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Re: How do you test a USB cable for suitability?

Tue Aug 29, 2017 4:57 pm

If the Real Life test is the behaviour of the RPi, you could power the board with each cable in turn - driven from a robust known good power supply - run for a short period with any 'stress test' software applications, then use the

Code: Select all

vcgencmd get_throttled
command to see if any under-voltage events have been detected.

See viewtopic.php?f=63&t=147781&start=50#p972790 for details of how to interpret the output.

Milliways
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Location: Sydney, Australia

Re: How do you test a USB cable for suitability?

Wed Aug 30, 2017 4:33 am

Testing a µUSB cable is a non-trivial task.

The first challenge is finding a µUSB socket to terminate the cable, but assuming you can find one solder a 5Ω 5W (or greater) resistor to the power pins.

Apply 5V to the cable, and measure the voltage across the resistor. (This assumes you have a quality 5V supply, if not you need to measure the supply voltage ON LOAD, again a suitable adapter is required.)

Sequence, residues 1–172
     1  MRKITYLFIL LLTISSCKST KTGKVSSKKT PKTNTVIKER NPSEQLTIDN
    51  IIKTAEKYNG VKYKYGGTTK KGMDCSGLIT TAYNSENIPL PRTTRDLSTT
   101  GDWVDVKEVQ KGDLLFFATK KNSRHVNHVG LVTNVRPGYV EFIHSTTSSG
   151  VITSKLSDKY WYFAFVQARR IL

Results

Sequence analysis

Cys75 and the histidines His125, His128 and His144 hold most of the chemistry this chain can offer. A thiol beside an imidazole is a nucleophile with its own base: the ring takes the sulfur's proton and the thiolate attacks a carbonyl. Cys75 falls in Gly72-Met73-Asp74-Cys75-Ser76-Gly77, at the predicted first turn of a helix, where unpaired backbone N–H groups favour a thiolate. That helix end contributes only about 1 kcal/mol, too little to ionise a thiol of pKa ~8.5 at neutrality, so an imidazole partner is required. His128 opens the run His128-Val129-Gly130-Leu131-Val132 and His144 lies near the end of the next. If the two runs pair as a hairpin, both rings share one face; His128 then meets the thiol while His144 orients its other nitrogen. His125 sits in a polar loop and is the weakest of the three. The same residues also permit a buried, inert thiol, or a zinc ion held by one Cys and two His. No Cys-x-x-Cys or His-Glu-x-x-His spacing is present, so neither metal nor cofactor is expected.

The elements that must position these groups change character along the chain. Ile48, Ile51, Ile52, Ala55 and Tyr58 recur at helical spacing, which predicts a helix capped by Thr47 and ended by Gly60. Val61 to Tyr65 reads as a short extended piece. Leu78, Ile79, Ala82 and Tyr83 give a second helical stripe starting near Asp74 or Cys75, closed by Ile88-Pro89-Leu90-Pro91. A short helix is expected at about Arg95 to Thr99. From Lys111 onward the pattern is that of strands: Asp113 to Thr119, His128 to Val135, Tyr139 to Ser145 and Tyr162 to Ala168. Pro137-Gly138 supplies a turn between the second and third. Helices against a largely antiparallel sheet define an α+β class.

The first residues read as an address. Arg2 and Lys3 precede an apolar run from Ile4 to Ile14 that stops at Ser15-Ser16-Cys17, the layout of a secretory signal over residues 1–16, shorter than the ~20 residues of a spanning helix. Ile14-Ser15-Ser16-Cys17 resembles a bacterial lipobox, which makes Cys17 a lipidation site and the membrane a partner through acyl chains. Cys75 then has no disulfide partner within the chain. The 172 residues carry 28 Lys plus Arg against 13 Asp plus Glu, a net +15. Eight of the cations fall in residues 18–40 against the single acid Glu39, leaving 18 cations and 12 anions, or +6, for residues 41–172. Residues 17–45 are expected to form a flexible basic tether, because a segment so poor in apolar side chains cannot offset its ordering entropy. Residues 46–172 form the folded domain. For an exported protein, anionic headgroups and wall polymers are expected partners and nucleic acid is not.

ALTERNATIVELY, if you can source a µUSB plug, just make a cable with proper wire, which is what I do for my testing.

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rpdom
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Re: How do you test a USB cable for suitability?

Wed Aug 30, 2017 5:17 am

Milliways wrote:
Wed Aug 30, 2017 4:33 am
The first challenge is finding a µUSB socket to terminate the cable, but assuming you can find one solder a 5Ω 5W (or greater) resistor to the power pins.
For testing I use microUSB breakout boards. They can easily be found in various forms on ebay and similar sites for not a lot of money.
ALTERNATIVELY, if you can source a µUSB plug, just make a cable with proper wire, which is what I do for my testing.
That's also what I do for powering some of my systems :)

hippy
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Re: How do you test a USB cable for suitability?

Wed Aug 30, 2017 12:25 pm

One way of determining a low resistance value is to measure the time it takes to charge a capacitor through it. A micro or even a Pi can do that and probably without needing a lot of external components.